“Reopening of more borders in the north is a good sign for Nepal’s trade,” said Chandra Ghimire, former secretary of the Ministry of Industry, Commerce and Supplies. “What’s worrying is China’s unstable policy of opening and closing the borders unilaterally.”

According to the South Asia Watch on Trade, Economics and Environment (SAWTEE), Nepal’s trade relationship with China has been hit hard by a combination of natural disasters, the most significant one being the 2015 earthquake, and the Covid-19 pandemic.

The pandemic has led to significant disruptions on cross-border trade between the two nations.

According to a study conducted by SAWTEE on Nepal-China Trade, between 2020 and 2022, over 90 percent of the value of goods exported to China from Nepal were covered by the zero-duty list for the least developed countries (LDCs), but the utilisation of preferences averaged 68 percent.

In a roundtable SAWTEE held in Kathmandu on Thursday under the theme ‘Nepal-China Trade: Prospects and Challenges’, Rupesh Tha, research officer of SAWTEE, said although China stands as Nepal’s second-largest trading partner, the trade balance has distinctly favoured China.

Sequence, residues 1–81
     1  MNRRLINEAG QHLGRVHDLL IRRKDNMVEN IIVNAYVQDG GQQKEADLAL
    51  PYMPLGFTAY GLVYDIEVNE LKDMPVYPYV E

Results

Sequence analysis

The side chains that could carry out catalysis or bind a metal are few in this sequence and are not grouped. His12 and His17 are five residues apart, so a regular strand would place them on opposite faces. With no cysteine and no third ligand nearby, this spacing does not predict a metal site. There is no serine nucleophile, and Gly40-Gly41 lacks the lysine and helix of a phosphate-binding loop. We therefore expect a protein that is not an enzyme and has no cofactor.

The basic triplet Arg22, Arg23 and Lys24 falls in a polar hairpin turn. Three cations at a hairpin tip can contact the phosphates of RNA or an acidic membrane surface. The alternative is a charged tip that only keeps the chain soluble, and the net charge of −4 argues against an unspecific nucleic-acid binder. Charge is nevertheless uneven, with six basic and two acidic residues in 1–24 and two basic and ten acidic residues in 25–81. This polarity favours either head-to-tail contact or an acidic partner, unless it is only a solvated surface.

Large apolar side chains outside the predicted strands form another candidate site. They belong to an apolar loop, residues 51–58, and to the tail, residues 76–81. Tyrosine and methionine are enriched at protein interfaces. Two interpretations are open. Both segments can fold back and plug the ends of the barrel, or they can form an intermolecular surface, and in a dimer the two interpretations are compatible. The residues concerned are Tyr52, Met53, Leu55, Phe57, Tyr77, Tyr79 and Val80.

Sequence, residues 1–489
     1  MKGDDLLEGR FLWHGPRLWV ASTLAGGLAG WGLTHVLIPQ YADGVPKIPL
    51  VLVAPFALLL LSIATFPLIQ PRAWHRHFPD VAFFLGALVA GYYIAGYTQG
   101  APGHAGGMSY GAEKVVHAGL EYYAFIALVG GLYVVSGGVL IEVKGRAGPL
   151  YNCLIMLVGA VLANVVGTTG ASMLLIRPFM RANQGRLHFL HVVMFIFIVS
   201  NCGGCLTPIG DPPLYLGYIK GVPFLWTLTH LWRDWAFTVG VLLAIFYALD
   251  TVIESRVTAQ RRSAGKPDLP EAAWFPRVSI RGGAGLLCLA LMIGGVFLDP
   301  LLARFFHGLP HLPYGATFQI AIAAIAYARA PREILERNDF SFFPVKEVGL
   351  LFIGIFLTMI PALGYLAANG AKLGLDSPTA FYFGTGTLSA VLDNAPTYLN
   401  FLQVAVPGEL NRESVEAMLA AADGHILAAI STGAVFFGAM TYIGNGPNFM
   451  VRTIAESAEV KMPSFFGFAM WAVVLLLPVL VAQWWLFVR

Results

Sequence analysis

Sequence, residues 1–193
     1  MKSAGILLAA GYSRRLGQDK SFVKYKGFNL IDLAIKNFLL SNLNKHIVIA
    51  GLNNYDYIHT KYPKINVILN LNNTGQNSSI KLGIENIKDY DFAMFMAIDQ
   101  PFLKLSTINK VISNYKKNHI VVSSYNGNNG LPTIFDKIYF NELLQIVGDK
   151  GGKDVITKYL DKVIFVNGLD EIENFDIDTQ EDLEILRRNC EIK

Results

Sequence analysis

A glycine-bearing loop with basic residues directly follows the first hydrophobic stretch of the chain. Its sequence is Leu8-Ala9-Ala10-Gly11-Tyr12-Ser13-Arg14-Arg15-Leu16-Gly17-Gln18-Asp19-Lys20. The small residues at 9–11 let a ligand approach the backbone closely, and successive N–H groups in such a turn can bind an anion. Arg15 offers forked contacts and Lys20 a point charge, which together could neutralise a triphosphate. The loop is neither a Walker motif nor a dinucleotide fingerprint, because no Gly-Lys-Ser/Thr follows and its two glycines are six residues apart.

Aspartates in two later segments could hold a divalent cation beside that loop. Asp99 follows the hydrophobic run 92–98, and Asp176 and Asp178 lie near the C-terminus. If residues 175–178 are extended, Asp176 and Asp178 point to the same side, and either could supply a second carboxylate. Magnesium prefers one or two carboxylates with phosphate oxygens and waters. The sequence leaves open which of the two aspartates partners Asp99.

He said it is vital for Nepal to fully harness the advantages of zero-tariff treatment provided to over 8,000 products originating in Nepal and diversify its exports to China.

Current bilateral agreements, such as the Trade and Payment Agreement 1981, are outdated and ill-suited to the present circumstances and need to be reviewed, he said. “This is particularly pertinent as Nepal grapples with a significant trade deficit with China.”

In the same programme, Rabi Shanker Sainju, former joint secretary at the Ministry of Industry, Commerce and Supplies, said that Nepal’s trade with China is adversely affected by high transportation costs resulting from its inadequate logistics infrastructure.

“With the evolution of the landscape of the Chinese consumer market, demand for high-quality products has increased, and this must be taken into account when looking to boost exports to China,” he added.

The specific challenges arising from the sanitary and phytosanitary (SPS) measures impacting Nepali products require prompt attention, as do the specific issues surrounding transportation, connectivity, and logistical aspects, in both exports and imports with China, experts said.

“Korala trade point will connect central Nepal with the Chinese markets. It will benefit Nepal in both investment and trade,” said Ghimire.

Ghimire added that Nepal and China need to sort out the issue of the rules of origin which has been creating hassles for Nepali products to enter the Chinese market.

In May this year, the Tatopani border point was re-opened for two-way cargo movements, eight years after the devastating earthquake of April 2015. In September this year, Beijing reopened the Tatopani-Khasa border point for people’s movement.

Krishana Prasain is a business reporter for The Kathmandu Post covering markets. Before joining The Kathmandu Post in 2018, she spent 3 years in New Business Age magazine covering business.